Sally Abou Melhem, Office of Communications, email@example.com
In celebration of artist David Kurani’s 50 years of service to AUB and the Lebanese art scene, AUB Art Galleries and Collections launched the “David Kurani: Reality, Composed” exhibition. Curated by art history students Katharine Gordon and Lama El Khatib, the exhibition displays the body of work that Kurani has produced throughout his career.
The art is displayed in a way that highlights the connection between Kurani’s work—as an art student, practicing artist, art educator, set and costume designer, and stage director—and key moments in the history of AUB and Lebanon.
The opening of the exhibition took place on March 28 at AUB’s Rose and Shaheen Saleeby Museum. It was attended by Kurani’s friends, family, and colleagues; AUB faculty, staff, and students; as well as art enthusiasts and others who are interested in Kurani’s work.
AUB President Fadlo R. Khuri, Director of the AUB Art Collections and Galleries Rico Franses, the artist David Kurani, as well as the curators of the exhibition, spoke at the opening event. The speeches were followed by a live musical performance of a piece that Kurani had written for the occasion.
Khuri commented on the importance of supporting the arts and humanities, saying, “From my perspective, I think it is very important that we support the arts and humanities through thick and thin. In particular, the fine arts are the easiest thing for societies to decide, under any economic and political or security pressure, that we can do without. But this is the very heart and soul of a healthy society.” He added that AUB’s commitment manifests in its support for fine arts and the humanities, saying, “Before we invest in future endeavors in the fine arts, we have to recognize the enduring excellence of the people who kept the torch alive, like David Kurani.”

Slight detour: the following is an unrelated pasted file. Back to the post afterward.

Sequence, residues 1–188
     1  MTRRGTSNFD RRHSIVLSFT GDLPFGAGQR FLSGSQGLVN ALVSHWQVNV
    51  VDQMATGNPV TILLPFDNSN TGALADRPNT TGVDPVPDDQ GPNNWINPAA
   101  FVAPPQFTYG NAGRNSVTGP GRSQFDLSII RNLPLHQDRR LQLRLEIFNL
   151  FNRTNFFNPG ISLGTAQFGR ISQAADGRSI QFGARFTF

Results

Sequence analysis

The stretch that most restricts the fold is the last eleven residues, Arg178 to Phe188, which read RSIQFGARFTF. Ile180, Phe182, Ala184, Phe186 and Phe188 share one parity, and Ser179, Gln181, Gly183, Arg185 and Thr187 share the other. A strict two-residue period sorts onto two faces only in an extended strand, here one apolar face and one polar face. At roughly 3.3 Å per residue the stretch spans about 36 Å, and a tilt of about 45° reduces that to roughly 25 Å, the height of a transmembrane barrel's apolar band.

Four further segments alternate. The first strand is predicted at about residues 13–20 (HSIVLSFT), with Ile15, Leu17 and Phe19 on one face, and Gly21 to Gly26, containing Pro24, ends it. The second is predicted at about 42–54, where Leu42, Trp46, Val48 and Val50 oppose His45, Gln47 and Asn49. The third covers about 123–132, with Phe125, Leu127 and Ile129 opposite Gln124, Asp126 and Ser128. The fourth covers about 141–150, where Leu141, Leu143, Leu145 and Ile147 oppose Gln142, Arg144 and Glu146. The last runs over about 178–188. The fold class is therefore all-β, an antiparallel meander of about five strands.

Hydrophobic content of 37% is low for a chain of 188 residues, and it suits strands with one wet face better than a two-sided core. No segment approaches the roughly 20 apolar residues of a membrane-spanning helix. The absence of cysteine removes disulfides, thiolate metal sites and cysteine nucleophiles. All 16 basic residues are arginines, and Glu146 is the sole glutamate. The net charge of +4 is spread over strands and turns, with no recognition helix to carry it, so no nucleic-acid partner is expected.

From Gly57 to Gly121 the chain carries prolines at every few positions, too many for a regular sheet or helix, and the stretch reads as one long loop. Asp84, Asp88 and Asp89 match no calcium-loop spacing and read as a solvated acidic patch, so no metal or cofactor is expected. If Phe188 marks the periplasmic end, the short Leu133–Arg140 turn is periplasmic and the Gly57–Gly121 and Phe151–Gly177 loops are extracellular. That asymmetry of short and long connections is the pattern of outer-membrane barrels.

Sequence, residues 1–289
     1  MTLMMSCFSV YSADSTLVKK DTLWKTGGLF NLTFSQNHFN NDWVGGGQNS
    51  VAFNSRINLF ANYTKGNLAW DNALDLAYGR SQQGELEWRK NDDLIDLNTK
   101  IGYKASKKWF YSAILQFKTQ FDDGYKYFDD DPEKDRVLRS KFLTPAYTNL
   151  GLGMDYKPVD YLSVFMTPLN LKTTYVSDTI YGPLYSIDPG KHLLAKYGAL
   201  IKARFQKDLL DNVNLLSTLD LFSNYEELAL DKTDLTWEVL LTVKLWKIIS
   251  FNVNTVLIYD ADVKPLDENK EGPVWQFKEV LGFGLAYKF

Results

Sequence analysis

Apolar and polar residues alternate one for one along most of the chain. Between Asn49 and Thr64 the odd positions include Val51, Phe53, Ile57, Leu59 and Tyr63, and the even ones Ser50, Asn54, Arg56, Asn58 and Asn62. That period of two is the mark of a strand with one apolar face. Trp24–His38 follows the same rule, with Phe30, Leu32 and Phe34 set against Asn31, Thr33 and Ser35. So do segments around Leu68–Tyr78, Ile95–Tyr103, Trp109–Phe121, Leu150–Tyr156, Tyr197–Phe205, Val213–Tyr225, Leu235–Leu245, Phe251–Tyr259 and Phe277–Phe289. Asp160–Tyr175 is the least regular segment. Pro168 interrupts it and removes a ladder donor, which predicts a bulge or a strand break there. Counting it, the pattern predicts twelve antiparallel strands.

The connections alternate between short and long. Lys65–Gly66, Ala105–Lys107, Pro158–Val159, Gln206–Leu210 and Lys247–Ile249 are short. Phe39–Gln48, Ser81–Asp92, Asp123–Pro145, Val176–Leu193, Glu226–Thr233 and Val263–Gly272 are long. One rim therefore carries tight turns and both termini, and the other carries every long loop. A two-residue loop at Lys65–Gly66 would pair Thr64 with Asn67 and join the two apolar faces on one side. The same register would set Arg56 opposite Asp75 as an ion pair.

David Kurani was born in the US and grew up in Beirut, Lebanon. His father was AUB’s first registrar and chairman of the Education Department. “The university has always been my life, ever since I came here in 1947 at the age of two and a half. I’ve played in the university, I grew up in the university, and then I went to the university, before going off to my training in England,” said Kurani. In addition to being involved with fine arts from a young age, which continued during his student years, Kurani also studied and worked in theater. He returned to Lebanon in 1968, combining his interests by teaching art and theater at AUB while also practicing both.
In his comment about the exhibition Kurani expressed his wish that the honoring would be thought of as “honoring all those who stayed and were faithful and kept the university alive, and running, and being a beacon of hope as well as a citadel of education during the war.”
Kurani’s years of dedication and service to AUB and the Fine Arts and Art History Department have influenced generations of students and professors alike, as he played a major role in the re-launching and continuation of the department.
In his comment, Franses said that Kurani has been a major contributor to the cultural scene in Lebanon for all of his life.
“David has done extraordinary service to AUB, and for the arts. He has kept the arts going for literally over fifty years. For many of those years, during the war, he was the only person who actually kept the arts alive at AUB,” said Franses. “David’s been a prolific painter; he’s worked in art, in painting and in theater, for all his life. And this is a chance to see his artworks over that long period, and to see his development, and to see really from an academic perspective what kind of work he’s done, and to see how that fits into the cultural history of Lebanon.”
In their curatorial statement, students Gordon and El Khatib write, “This exhibition engages with these dual passions, theatre and painting, which have run in parallel throughout Kurani’s life. Rather than exhibiting them as a binary, the exhibition will highlight how the two activities merge and interplay in Kurani’s oeuvre.”
They continue, “Tracing these moments, the exhibition will attempt to capture the impact that Kurani’s contributions have had at AUB, and celebrate his dedication to the institutions and figures he has encountered at AUB and abroad. Simultaneously, the exhibition will highlight his most accomplished works while attempting to both question and understand his passion for composing reality within the broader context of Lebanese modern art.”
“David Kurani: Reality, Composed” continues until September 1, 2018 (Tues. – Sat., 12:00 – 6:00 pm) at the Rose and Shaheen Saleeby Museum, at the off-campus student dorms on Sidani Street in Hamra, presenting watercolors, set designs, posters and drawings.